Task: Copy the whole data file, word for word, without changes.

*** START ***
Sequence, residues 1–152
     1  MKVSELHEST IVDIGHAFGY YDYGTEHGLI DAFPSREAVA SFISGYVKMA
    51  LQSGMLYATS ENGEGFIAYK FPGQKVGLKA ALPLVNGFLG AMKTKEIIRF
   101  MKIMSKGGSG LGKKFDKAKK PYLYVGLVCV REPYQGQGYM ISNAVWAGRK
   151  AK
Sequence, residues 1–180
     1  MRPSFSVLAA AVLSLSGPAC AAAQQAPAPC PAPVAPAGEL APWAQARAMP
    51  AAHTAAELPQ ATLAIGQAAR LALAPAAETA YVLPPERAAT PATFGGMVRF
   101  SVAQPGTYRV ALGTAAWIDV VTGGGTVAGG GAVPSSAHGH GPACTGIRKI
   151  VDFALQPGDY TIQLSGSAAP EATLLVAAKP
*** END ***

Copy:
Sequence, residues 1–152
     1  MKVSELHEST IVDIGHAFGY YDYGTEHGLI DAFPSREAVA SFISGYVKMA
    51  LQSGMLYATS ENGEGFIAYK FPGQKVGLKA ALPLVNGFLG AMKTKEIIRF
   101  MKIMSKGGSG LGKKFDKAKK PYLYVGLVCV REPYQGQGYM ISNAVWAGRK
   151  AK
Sequence, residues 1–180
     1  MRPSFSVLAA AVLSLSGPAC AAAQQAPAPC PAPVAPAGEL APWAQARAMP
    51  AAHTAAELPQ ATLAIGQAAR LALAPAAETA YVLPPERAAT PATFGGMVRF
   101  SVAQPGTYRV ALGTAAWIDV VTGGGTVAGG GAVPSSAHGH GPACTGIRKI
   151  VDFALQPGDY TIQLSGSAAP EATLLVAAKP